THE legislative year that closed last month was one of the most productive of the decade, with tax relief, extension of class-size reduction, health coverage for poor children, trial court funding and a cut in higher education fees among its many accomplishments.
But as productive as the session was, there were missed opportunities too, and meaningful reform of our bilingual education system again eluded us.
During the last days of the session, an Assembly committee stalled an important piece of legislation designed to overhaul our bilingual education system. This bill, authored by Senator Dede Alpert, D-San Diego, and Assemblyman Brooks Firestone, R-Los Olivos, and supported by the California PTA, would have freed up school districts from the state’s bilingual education requirements and allowed them to design their own methods for making all children English proficient as fast as possible.
Under SB 6, schools could make their own decisions whether immersion in English or some level of instruction in a student’s native language best achieved the goals of learning and English proficiency. This decision would be made at a local level in consultation with a district’s advisory committee, and mindful of the unique ethnic composition of a particular school district, rather than a state level one-size-fits-all approach.
What’s more, SB 6 would hold school districts accountable. It would require the districts to measure the learning skills of those children who are not fluent in English and determine the success or failure of their teaching methods. Another provision of the bill would require parental notification of the assessment results and would provide the opportunity for parents to withdraw their child from the program if they desire, and provided it would not violate any desegregation plan.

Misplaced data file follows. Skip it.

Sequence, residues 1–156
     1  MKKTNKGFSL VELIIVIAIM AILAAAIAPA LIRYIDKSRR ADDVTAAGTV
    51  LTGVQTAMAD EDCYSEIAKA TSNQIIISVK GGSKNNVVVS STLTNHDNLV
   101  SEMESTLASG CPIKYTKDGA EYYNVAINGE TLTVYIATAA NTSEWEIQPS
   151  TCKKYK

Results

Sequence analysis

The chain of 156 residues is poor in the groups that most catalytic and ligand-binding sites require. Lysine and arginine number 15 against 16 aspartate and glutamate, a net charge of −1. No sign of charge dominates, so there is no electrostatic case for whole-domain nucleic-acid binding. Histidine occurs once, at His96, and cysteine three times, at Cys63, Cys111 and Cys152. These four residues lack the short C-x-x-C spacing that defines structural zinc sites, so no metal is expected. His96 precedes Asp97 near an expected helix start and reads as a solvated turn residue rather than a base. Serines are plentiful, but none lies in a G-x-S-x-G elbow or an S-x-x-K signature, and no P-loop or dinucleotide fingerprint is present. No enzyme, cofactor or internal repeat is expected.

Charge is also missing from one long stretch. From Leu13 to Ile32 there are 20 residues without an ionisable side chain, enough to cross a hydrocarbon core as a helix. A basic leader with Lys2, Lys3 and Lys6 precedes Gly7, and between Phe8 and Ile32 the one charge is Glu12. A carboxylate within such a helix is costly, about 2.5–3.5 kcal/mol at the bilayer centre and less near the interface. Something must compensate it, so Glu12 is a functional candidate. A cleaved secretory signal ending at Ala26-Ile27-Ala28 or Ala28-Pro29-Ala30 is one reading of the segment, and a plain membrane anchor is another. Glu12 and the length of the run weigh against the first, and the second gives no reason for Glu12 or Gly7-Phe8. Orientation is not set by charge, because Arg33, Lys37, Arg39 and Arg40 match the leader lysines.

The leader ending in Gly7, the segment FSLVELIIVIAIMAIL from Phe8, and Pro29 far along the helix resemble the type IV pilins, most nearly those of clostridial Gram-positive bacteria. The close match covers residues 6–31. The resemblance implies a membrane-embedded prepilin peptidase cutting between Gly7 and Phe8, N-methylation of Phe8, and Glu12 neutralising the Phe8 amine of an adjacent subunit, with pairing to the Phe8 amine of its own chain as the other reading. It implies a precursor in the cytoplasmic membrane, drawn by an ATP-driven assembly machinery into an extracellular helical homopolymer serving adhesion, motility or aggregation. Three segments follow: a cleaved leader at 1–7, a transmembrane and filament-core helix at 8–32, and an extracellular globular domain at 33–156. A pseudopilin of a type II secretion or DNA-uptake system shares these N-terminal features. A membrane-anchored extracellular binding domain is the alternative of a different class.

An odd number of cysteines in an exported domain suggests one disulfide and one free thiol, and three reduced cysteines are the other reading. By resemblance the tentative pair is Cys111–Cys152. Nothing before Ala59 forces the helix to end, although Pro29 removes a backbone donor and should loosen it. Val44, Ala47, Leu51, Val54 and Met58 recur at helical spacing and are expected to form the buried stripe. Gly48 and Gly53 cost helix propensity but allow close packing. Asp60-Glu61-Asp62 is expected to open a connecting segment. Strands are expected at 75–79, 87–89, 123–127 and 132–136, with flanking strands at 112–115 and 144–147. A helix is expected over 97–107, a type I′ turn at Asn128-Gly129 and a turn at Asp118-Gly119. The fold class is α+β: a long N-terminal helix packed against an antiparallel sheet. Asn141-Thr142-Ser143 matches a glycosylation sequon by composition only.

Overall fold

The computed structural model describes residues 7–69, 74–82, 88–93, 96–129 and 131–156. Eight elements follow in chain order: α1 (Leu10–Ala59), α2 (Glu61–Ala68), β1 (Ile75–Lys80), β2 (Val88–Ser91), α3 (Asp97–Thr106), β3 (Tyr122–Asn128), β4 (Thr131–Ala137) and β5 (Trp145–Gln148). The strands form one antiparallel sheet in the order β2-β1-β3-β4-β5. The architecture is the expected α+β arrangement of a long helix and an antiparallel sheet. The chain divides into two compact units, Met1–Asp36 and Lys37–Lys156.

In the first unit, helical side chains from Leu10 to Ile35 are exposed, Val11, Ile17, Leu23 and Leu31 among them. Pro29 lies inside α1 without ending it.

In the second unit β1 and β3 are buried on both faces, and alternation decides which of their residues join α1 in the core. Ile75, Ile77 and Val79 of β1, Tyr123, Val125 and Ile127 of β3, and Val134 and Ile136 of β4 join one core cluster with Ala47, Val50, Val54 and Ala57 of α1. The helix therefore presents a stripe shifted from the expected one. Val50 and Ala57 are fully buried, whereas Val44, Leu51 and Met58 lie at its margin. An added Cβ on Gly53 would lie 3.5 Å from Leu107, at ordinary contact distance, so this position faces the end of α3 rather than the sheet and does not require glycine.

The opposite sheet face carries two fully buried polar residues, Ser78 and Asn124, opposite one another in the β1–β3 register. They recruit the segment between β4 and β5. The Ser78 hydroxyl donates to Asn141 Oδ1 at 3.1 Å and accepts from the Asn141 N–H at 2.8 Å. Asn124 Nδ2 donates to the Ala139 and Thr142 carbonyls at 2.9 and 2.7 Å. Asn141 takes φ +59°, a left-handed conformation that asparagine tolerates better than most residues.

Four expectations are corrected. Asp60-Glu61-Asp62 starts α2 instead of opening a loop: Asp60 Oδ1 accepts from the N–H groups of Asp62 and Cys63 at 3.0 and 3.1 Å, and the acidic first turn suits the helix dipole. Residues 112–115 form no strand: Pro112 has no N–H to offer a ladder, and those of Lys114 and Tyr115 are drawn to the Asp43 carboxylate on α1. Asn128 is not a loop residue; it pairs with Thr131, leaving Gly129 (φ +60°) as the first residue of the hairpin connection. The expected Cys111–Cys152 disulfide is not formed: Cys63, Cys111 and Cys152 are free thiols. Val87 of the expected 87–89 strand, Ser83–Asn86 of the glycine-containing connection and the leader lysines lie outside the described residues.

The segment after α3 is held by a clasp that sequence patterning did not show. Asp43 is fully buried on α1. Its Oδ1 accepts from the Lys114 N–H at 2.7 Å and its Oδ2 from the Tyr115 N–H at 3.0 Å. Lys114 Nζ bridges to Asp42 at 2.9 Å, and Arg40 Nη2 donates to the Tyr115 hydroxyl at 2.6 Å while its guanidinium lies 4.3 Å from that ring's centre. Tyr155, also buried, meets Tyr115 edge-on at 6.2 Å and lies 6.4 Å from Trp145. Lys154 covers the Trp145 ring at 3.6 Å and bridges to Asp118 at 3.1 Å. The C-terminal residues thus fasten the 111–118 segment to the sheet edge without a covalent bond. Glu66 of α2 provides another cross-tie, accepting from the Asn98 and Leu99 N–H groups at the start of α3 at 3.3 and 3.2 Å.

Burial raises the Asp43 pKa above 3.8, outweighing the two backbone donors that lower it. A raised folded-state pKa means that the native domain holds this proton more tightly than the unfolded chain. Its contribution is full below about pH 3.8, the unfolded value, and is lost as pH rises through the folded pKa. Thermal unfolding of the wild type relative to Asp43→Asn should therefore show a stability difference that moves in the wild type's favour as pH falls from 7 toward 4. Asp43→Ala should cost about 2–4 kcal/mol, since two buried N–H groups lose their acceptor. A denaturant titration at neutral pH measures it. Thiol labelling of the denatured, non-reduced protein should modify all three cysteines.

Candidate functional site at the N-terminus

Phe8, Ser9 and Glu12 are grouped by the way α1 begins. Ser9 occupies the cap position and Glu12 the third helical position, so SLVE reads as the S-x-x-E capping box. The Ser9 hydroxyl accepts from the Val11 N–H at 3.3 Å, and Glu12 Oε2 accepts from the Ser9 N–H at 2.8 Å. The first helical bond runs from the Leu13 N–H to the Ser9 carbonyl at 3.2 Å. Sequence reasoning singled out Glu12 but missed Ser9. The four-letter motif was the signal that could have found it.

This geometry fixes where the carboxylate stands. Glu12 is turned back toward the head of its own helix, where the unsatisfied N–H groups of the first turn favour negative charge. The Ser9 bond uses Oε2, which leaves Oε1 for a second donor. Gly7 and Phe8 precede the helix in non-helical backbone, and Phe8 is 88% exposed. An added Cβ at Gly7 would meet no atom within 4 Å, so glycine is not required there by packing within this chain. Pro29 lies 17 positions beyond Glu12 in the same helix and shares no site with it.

If a school fails to achieve greater English proficiency with the method it chooses, the legislation would require that the school district modify its teaching program in a manner that satisfies the state Board of Education. Such a failure could, or course, result in an immediate reinstatement of the statewide bilingual education requirements.
It is difficult to demonstrate empirically whether one teaching method or another has proved more successful in moving kids into English. Although there is considerable literature supporting bilingual education, it runs up against an almost ubiquitous body of anecdotal evidence that is the result of our own varied immigrant experiences.
How many among us do not have a father, grandmother or great-uncle who came to this country not speaking a word of English and were taught, and taught well, by that most uncompromising of teachers – necessity?
I joined colleagues Alpert and Firestone as a co-author of SB 6, not because I am convinced that native-language instruction is without benefit, but because I believe that we must remain more focused on results than on method. There is a tendency in all areas of government to become wedded to a particular approach to a problem; institutional bureaucracies multiply and attempt to perpetuate themselves, even when today’s challenges have outgrown yesterday’s solutions.
Almost one out of every five students in California public schools are limited-English proficient. Such students are the fastest-growing portion of the student population, and have more than doubled in the last 10 years.
The difficulties posed by classrooms that now must educate children from ethnic groups who speak more than 50 languages are immense. Under these dramatically different circumstances, we cannot shrink from a re-examination of current teaching methods. As Lincoln once said, ”The dogmas of the quiet past are inadequate to the stormy present. . . . As our case is new, so we must think anew and act anew.”
The failure of the Legislature to think anew and act anew, may have dire consequences. The government’s failure to respond to growing problems of illegal immigration prompted passage of Proposition 187. Similar unwillingness to address deficiencies in our approach to affirmative action resulted in Proposition 209. The backers of a new initiative to ban all bilingual education are not the least bit coy over their delight at the setback to SB 6.
But they are the only ones who should be applauding the defeat of a good bill.
EDITOR-NOTE: State Sen. Adam B. Schiff represents Pasadena, Glendale, Burbank and the surrounding communities. A former Assistant United States Attorney, he was elected to the state Senate in November 1996.